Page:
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Estate tax and inheritance tax subject of New Jersey law proposal

On Behalf of | Sep 2, 2014 | Inheritance And Estate Tax |

When it comes to estate planning, one of the most important aspects which most people pay attention to is avoiding unnecessary tax liabilities. This has been an especially important concern for many people in New Jersey, since it is one of only two states in which people are required to pay the estate tax as well as the inheritance tax. However, some state lawmakers are now looking to change this situation.

The inheritance tax requires beneficiaries other than a decedent’s spouse, children, parents or grandparents to pay taxes if their inheritance exceeds $25,000. Lawmakers are arguing that this is discriminatory and is an unfair burden on beneficiaries who are willed assets from uncles, aunts, siblings, cousins or other relatives. Even those who inherit assets from friends will have to pay the inheritance tax. However, lawmakers are now looking to propose legislation which would repeal the inheritance tax in New Jersey.

Currently, state laws require a decedent’s estate assets over $675,000 to be taxed via the state estate tax laws. However, critics argue that many homeowners already easily meet this threshold without necessarily being wealthy. A proposed law with bipartisan support is looking to raise this limit to equal the current federal threshold, which is $5.34 million. The governor argues that many wealthy individuals and families are leaving the state to avoid these additional taxes, while others warn that the proposed law could reduce the state’s tax income significantly.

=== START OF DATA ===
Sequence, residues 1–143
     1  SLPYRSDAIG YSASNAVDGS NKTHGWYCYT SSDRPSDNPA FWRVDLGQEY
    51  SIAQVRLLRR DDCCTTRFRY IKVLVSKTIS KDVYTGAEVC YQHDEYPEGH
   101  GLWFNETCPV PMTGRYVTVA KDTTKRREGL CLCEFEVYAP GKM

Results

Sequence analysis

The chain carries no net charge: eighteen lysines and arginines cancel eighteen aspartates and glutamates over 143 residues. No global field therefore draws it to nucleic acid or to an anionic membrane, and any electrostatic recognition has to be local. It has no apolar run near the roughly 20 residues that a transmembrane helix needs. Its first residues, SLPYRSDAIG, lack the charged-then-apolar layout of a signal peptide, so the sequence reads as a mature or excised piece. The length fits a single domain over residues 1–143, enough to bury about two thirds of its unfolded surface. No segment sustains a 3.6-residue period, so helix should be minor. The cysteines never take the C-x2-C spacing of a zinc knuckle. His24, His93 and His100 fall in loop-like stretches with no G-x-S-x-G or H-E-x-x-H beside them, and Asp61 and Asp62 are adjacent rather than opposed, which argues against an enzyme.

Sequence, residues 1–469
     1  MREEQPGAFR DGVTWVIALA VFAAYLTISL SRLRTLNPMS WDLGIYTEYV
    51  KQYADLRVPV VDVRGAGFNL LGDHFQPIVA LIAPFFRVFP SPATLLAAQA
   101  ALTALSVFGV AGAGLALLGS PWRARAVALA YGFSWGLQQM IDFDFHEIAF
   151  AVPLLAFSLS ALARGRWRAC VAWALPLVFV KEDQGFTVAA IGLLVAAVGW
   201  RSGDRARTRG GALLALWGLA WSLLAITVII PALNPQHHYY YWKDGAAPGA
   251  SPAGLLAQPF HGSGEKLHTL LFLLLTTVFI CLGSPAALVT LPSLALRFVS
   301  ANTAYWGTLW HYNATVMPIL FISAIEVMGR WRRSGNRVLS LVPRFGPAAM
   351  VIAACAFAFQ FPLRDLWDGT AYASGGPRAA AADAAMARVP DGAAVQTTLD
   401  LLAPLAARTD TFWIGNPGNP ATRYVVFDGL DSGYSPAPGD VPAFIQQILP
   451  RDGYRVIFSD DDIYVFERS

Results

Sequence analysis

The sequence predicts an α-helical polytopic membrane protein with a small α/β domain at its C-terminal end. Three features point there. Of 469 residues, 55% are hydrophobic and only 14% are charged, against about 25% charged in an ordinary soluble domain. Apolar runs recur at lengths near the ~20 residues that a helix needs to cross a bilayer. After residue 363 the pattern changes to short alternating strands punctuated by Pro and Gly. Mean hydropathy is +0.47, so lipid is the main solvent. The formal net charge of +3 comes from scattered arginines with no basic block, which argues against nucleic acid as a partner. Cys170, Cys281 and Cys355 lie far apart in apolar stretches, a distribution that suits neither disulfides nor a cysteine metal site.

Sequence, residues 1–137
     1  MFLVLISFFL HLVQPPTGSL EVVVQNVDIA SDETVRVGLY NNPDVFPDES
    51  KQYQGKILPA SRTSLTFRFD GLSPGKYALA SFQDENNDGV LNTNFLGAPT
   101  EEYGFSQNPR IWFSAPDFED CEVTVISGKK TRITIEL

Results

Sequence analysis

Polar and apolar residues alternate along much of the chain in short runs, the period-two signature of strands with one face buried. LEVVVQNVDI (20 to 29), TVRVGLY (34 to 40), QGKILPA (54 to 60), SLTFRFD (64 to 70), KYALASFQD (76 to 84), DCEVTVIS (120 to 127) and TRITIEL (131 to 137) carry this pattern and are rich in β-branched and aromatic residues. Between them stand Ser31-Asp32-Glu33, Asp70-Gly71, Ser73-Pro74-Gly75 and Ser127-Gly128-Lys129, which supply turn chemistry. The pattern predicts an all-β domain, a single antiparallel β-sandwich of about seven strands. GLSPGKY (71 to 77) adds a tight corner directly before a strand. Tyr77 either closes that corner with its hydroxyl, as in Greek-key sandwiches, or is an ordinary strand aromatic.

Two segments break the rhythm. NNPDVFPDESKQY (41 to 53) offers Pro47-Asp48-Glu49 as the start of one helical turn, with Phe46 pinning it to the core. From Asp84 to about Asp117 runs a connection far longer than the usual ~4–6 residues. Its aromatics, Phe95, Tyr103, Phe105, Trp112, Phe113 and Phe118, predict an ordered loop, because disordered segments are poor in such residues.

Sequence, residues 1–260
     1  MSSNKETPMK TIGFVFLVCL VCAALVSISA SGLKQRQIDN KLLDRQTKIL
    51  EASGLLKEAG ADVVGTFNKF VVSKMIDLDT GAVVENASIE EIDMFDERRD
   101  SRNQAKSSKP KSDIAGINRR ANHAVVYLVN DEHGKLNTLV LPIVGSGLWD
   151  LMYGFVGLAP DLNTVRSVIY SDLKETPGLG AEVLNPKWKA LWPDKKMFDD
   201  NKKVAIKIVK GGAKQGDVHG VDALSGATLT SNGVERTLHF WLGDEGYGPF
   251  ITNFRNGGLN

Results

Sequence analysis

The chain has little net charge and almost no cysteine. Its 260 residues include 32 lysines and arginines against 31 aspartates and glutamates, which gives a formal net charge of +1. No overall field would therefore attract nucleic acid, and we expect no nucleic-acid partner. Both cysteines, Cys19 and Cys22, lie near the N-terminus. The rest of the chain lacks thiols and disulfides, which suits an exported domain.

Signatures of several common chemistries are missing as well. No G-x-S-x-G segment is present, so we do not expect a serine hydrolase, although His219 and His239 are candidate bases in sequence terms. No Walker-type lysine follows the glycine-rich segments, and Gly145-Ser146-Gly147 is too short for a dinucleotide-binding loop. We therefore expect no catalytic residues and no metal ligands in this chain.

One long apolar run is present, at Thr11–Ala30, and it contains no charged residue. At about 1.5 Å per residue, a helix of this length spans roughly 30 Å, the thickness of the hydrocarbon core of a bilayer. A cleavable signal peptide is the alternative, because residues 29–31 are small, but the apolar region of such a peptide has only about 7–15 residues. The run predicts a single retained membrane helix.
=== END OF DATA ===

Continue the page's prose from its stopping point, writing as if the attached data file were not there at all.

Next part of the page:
Therefore, those looking to create an estate plan in New Jersey may want to pay attention to the latest developments regarding potentially changing the rules regulating the estate tax and the inheritance tax. The changes ultimately enacted by lawmakers could make a significant difference to one’s estate planning strategies. Many will want to update their current estate plans in order to reflect the new changes if they in fact do occur.

Source: Courier-Post, “New Jersey lawmakers may change inheritance tax”, , Aug. 24, 2014